Local view for "http://purl.org/linkedpolitics/eu/plenary/2007-04-23-Speech-1-235"
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substitute; Committee of Inquiry into the crisis of the Equitable Life Assurance Society (2006-01-19--2007-06-19)3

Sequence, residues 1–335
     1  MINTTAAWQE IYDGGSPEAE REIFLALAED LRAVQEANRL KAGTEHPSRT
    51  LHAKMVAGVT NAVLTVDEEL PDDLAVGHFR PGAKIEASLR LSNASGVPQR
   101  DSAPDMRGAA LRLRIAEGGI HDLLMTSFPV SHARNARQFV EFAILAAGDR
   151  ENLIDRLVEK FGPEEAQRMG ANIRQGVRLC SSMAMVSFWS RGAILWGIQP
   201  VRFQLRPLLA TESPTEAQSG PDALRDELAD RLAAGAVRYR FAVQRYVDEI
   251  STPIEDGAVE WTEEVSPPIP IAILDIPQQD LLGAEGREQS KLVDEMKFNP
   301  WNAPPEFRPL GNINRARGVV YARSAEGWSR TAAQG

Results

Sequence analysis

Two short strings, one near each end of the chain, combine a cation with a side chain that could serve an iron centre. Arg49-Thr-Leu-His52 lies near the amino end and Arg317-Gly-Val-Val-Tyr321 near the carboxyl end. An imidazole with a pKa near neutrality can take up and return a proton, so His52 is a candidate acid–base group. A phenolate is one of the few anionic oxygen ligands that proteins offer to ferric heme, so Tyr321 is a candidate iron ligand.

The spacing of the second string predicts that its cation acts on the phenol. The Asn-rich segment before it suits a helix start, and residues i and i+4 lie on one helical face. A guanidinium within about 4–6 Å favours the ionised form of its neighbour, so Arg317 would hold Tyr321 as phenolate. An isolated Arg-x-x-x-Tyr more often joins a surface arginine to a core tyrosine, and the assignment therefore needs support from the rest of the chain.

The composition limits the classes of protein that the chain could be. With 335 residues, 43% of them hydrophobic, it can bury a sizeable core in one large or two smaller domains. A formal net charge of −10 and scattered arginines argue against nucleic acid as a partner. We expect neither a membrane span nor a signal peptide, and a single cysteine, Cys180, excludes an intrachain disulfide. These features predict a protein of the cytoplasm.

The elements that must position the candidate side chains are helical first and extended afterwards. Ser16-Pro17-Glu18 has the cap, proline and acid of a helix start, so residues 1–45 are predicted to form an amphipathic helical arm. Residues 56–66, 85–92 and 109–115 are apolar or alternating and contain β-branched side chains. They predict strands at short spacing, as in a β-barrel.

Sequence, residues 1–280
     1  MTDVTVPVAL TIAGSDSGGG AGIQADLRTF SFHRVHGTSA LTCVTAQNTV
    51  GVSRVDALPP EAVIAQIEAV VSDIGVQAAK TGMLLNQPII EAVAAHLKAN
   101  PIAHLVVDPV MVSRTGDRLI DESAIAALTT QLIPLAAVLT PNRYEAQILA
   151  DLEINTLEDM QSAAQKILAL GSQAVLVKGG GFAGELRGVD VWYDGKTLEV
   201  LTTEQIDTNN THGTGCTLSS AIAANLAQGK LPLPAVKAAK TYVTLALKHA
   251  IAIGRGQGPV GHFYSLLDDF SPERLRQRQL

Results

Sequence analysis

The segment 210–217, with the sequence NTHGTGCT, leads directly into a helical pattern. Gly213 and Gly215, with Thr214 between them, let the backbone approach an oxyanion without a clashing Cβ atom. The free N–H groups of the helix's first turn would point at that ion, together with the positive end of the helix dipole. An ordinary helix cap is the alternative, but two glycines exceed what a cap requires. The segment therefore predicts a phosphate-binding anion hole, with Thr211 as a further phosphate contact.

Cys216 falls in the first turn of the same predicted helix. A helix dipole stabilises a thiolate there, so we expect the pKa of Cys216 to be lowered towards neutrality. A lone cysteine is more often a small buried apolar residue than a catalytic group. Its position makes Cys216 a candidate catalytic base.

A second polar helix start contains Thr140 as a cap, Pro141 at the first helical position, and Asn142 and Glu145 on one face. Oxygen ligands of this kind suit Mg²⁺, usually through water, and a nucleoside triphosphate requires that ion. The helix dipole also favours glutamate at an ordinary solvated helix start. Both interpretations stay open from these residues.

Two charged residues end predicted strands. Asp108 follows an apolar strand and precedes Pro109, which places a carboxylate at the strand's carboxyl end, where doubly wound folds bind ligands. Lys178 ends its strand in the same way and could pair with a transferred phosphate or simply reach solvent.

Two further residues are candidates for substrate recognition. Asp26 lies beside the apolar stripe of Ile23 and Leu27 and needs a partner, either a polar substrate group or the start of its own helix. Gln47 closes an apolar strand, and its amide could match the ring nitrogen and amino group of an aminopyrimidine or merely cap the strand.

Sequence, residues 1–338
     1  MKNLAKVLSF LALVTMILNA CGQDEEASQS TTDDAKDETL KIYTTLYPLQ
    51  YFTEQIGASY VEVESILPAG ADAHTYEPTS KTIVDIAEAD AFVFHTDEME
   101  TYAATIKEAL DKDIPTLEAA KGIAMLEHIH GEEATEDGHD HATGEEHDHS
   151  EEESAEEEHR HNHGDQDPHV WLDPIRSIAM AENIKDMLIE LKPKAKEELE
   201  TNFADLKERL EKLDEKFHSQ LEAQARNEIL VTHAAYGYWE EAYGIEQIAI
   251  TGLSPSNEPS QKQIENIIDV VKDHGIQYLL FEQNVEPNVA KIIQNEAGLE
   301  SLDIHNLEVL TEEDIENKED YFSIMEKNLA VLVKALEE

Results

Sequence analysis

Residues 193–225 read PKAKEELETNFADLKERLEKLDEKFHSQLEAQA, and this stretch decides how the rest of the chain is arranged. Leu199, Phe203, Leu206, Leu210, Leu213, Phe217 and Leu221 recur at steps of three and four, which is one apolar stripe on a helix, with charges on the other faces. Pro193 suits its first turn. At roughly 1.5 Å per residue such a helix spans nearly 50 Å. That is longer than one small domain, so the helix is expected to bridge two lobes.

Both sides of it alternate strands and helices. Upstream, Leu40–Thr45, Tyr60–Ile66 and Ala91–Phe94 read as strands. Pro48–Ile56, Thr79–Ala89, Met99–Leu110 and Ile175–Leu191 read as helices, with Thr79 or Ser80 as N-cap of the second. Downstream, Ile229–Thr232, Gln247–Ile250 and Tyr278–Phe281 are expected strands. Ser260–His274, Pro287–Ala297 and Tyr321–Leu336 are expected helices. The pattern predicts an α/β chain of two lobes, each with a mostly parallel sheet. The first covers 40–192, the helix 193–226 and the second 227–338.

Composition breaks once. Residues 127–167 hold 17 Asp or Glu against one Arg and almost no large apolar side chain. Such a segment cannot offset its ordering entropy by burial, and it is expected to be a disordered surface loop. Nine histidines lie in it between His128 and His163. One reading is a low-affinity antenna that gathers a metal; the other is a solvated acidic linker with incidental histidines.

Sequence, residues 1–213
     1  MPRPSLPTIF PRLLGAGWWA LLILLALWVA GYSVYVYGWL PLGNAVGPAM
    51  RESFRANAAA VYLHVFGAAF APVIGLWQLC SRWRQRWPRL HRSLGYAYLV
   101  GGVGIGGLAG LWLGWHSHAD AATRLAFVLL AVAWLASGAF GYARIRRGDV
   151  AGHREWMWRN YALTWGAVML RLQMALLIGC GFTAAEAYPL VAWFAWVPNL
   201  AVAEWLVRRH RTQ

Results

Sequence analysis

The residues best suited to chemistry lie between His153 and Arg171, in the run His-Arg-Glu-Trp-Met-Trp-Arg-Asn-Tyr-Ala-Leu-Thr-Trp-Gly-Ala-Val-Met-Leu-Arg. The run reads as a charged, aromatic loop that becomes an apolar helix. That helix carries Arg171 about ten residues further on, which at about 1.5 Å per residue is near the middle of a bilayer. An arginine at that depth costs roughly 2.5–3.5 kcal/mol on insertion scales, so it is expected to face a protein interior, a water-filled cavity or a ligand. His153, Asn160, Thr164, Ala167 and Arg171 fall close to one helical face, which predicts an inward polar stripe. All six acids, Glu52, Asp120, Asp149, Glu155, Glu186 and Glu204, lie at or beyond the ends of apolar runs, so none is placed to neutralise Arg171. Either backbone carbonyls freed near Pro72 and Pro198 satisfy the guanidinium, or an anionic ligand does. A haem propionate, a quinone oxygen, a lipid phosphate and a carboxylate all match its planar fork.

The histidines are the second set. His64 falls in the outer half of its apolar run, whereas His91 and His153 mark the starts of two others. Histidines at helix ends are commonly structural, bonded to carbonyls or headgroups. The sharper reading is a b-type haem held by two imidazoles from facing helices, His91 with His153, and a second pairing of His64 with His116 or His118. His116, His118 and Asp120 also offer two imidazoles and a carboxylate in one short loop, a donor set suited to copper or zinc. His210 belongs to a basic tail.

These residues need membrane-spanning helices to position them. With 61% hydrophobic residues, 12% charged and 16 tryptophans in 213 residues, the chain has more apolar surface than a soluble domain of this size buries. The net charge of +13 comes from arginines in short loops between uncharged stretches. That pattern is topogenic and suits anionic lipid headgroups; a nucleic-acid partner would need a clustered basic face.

". Mr President, the Socialist Group in the European Parliament is happy to embrace the initiative taken by the Commissioner in this Green Paper. This is the very reason why we would argue that it is wise not to specify at this stage that the scope of a number of points should not be looked into further. We want the Commission to be given ample opportunity to examine a number of things properly and to follow them up with impact assessments to study their effects. After all, I can imagine that with regard to the Green Paper, we too will reach the conclusion that that is not the most obvious route to take and that indeed, a number of things need not be further elaborated or fleshed out; we do not wish to take a decision on this at this moment though. This is why we are calling on the Group of the European People’s Party (Christian Democrats) and European Democrats to reconsider a number of those points or possibly to provide a formula which leaves slightly more room for what the conclusion should be, so as to in any event give the Commission the opportunity to look into this further. We will then also look at our own amendments in a critical light. I would hereby like to invite you to take another closer look at this tomorrow. As for me, I should also like to address this point from a Dutch angle as we in the Netherlands are having a heated debate on this very topic at the moment; finally, people are experiencing what competition policy at European level means and how we fight these cartels, because in a recent Dutch case, the Commissioner has charged high fines to beer brewers. This is, of course, a topic on which the whole of the Netherlands assumes to be an authority. It was a very telling example, because this beer cartel involved price agreements among beer brewers, who also have enormous influence on the hotel and catering industry and as a result of which people, the eventual customers, paid over the odds for their beers, something which was already subject of discussion in the Netherlands ever since the introduction of the euro. This example, though, demonstrated once again that the fines that are then levied are first fed to the European Commission before they are channelled back to the Member States, and do not end up directly with these consumers. Hotel and catering entrepreneurs are likely to take legal action against these beer brewers to see if they can recover any of the damage, but this is of no use to the consumer, the end user. In that sense, it is very interesting as an example to see how headway can be made; after all, the eventual end user is being conned by cartels of this kind. This example also proves my point, and so I should like to call on this House to keep the door open and to find out how we can let the consumer, the end user, benefit more from this cartel policy."@en1
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